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ECO 341K (33755, Spring 2018)

Introduction to Econometrics
University of Texas at Austin
MW 2:00pm-3:30pm in CLA 0.128

Instructor: Prof. Brendan Kline


E-mail: brendan.kline@austin.utexas.edu
Office Hour: Tuesday 1:30pm-3:30pm
in BRB 2.144
or by appointment

Teaching assistant: Rong Chen Teaching assistant: Qingsong Pan


E-mail: rong.chen@utexas.edu E-mail: qingsongpan@utexas.edu
Office Hour: Monday 9am-11am Office Hour: Thursday 2pm-4pm
in BRB 4.132 in BRB 2.158

Questions about re-grading should follow the steps described below in the syllabus.
Objectives
This course provides an introduction to the use of statistics in economics. The course focuses on
linear regression, including the basics of interpretation, estimation, and testing. The course also
introduces some further topics in econometrics, including time series data, panel data, binary
outcomes, and instrumental variables. The goal of the course is to develop an understanding
of the most important ideas in econometrics. Students will also be introduced to econometrics
computer software.

Prerequisites
The official prerequisites for this course are ECO 329 (economic statistics) and 420K (microeco-
nomic theory) with a grade of at least C- in each. Additionally, students should be comfortable
with the material in appendices A, B, and C of the textbook.

Quantitative Reasoning flag


This course carries the Quantitative Reasoning flag. Quantitative Reasoning courses are de-
signed to equip students with skills that are necessary for understanding the types of quanti-
tative arguments they will regularly encounter in their adult and professional lives.

Textbook
The required textbook for this course is Introductory Econometrics: A Modern Approach, 6th
edition, by Jeffrey Wooldridge. The textbook is also available for short-term use in the Reserves
of Perry-Castañeda Library.

Software
This course involves the use of an econometrics software package called Stata. Students are not
expected to have had any previous exposure to Stata. Stata will be a major part of the lectures,
homework, and exams. Instructions concerning getting access to Stata will be provided.

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Course materials: website and email
Course materials will be posted to Canvas, which can be accessed at https://utexas.instructure.com/.
In addition, students should regularly check their email for course announcements. Course ma-
terial is provided for the exclusive use of students currently enrolled in this course, and may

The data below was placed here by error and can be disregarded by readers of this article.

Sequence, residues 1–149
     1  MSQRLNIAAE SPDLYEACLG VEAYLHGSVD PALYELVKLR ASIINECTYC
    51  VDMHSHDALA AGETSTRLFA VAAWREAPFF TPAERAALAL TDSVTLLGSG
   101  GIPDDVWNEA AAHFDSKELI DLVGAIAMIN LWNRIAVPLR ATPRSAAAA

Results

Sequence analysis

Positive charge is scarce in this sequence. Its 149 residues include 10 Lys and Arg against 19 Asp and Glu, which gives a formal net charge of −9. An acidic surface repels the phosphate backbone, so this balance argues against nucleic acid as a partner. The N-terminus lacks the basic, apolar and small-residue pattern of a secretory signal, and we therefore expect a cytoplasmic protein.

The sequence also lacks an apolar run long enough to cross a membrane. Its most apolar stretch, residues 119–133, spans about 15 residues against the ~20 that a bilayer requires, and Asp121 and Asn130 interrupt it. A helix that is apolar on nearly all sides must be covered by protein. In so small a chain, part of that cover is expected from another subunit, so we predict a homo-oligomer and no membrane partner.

not be distributed to anyone not associated with the course.

Grading
Course score will be determined by the following weights:

• Homework: 20%
• Midterm exam 1: 20%
• Midterm exam 2: 20%
• Final exam: 40%

Attendance is not a direct component of the course grade, but is strongly encouraged. The
lectures will teach material that is not in the textbook, and/or in different ways than appears
in the textbook. The lectures will teach the use of Stata, which is not in the textbook.

Letter grades will be assigned to students based on the above course score, taking into consid-
eration performance relative to the rest of the class. The plus/minus system applies.

Homework
There will be approximately one homework assignment per week of class. Homework is due
in class on the due date. Homework will not be accepted after the due date. Students should
expect homework to be due on the following days: January 24, 31; February 7, 14; March 5,
19, 28; April 16, 23; May 2. However, this schedule is subject to change.

The homework is intended to be completed individually. However, students may work on


the homework assignments in groups of at most three students. Students working in a group
may either submit separate solutions, or submit a shared solution for all members of the group.
Students working in a group should clearly indicate the members of the group on the submitted
homework solution(s), regardless of whether students submit a group or individual solution.
Students working in groups are strongly encouraged to ensure that they individually understand
all of the homework problems and solutions. Exams will be completed individually. Students
who learn better in groups are allowed to work in groups, but should not view that as a way
to do less work.

Late homework cannot be accepted. If a student cannot attend lecture on the due date, then
the student can submit the homework to the front desk of the economics building (BRB) before
the beginning of class on the due date. Since partial credit is available on homeworks, students
are encouraged to submit the part of the homework that they have completed if they are not
able to complete the entire homework assignment.

The lowest one score on the homeworks will be dropped from the grading. This policy means

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that a student can miss (at most) one homework without any penalty. Students do not need
to provide the instructor any sort of explanation for why the homework was missed in order
to use this policy. Conversely, missing more than one homework will have a negative effect on
course score and grade.

Exams
There are two in-class midterm exams, and a final exam.

The exams are scheduled as follows:

• Midterm exam 1: February 21 (in class)

• Midterm exam 2: April 4 (in class)

• Final exam: